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Virology. 2014 Feb;450-451:34-48. doi: 10.1016/j.virol.2013.10.015. Epub 2013 Dec 20.

The impact of viral evolution and frequency of variant epitopes on primary and memory human immunodeficiency virus type 1-specific CD8⁺ T cell responses.

Author information

1
American University of Beirut, Faculty of Health Sciences, Medical Laboratory Sciences Program, 11-0236 Riad El Solh, 1107-2020 Beirut, Lebanon.
2
University of Pittsburgh, School of Medicine, Department of Microbiology and Molecular Genetics, Pittsburgh, PA 15213, USA.
3
University of Pittsburgh, Graduate School of Public Health, Department of Infectious Diseases and Microbiology, Pittsburgh, PA, 15261, USA.
4
Pennsylvania State University, M.S. Hershey Medical Center College of Medicine, Department of Public Health Sciences, Hershey, PA 17033, USA.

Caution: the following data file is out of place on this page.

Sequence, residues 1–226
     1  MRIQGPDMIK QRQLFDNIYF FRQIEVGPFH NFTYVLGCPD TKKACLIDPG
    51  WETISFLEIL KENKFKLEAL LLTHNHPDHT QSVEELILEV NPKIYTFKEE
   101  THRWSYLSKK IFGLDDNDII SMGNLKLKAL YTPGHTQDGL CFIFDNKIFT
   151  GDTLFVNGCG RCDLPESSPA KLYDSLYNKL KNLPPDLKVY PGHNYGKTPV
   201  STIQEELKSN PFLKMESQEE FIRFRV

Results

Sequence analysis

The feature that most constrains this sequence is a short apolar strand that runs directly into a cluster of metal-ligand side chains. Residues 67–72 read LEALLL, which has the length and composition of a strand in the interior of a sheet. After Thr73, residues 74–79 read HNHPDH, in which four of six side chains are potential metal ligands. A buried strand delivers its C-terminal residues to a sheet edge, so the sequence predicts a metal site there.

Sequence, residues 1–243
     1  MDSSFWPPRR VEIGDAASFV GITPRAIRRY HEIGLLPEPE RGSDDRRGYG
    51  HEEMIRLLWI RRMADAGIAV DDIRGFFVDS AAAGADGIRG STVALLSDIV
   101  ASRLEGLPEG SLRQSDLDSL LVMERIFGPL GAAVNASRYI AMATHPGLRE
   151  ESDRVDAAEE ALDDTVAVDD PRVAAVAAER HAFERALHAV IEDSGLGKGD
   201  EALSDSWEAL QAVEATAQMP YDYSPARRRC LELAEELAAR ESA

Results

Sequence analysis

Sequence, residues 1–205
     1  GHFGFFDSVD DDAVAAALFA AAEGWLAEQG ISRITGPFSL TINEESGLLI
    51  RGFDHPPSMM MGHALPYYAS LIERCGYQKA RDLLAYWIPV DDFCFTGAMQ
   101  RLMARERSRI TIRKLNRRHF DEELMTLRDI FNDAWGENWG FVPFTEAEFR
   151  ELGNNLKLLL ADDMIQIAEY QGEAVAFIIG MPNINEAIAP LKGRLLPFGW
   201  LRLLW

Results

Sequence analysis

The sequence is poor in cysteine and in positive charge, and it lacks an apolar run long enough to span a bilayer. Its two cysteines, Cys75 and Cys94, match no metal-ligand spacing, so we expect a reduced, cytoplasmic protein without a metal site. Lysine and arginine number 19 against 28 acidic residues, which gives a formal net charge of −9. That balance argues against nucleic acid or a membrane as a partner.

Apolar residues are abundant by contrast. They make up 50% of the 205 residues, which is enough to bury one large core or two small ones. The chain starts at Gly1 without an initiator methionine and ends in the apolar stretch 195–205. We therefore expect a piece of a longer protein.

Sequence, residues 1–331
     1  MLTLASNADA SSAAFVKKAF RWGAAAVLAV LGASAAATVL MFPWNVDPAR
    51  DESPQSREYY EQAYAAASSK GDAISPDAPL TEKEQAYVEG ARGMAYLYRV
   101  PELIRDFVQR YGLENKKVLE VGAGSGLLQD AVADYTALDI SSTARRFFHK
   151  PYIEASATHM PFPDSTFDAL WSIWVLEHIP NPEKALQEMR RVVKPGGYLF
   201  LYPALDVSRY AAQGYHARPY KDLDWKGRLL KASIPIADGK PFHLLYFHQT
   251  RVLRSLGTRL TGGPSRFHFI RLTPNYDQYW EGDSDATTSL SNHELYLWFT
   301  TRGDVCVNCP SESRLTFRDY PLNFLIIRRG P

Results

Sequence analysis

5
University of Washington, School of Medicine, Department of Microbiology, Seattle, WA 98195-8070, USA.
6
University of Pittsburgh, Graduate School of Public Health, Department of Infectious Diseases and Microbiology, Pittsburgh, PA, 15261, USA. Electronic address: rinaldo@pitt.edu.

Abstract

It is unclear if HIV-1 variants lose the ability to prime naïve CD8(+) cytotoxic T lymphocytes (CTL) during progressive, untreated infection. We conducted a comprehensive longitudinal analysis of viral evolution and its impact on primary and memory CD8(+) T cell responses pre-seroconversion (SC), post-SC, and during combination antiretroviral therapy (cART). Memory T cell responses targeting autologous virus variants reached a nadir by 8 years post-SC with development of AIDS, followed by a transient enhancement of anti-HIV-1 CTL responses upon initiation of cART. We show broad and high magnitude primary T cell responses to late variants in pre-SC T cells, comparable to primary anti-HIV-1 responses induced in T cells from uninfected persons. Despite evolutionary changes, CD8(+) T cells could still be primed to HIV-1 variants. Hence, vaccination against late, mutated epitopes could be successful in enhancing primary reactivity of T cells for control of the residual reservoir of HIV-1 during cART.

KEYWORDS:

Autologous viral variants; HIV-1; Memory T cell responses; Primary T cell responses; cART

PMID:
24503065
PMCID:
PMC4110927
DOI:
10.1016/j.virol.2013.10.015
[Indexed for MEDLINE]
Free PMC Article
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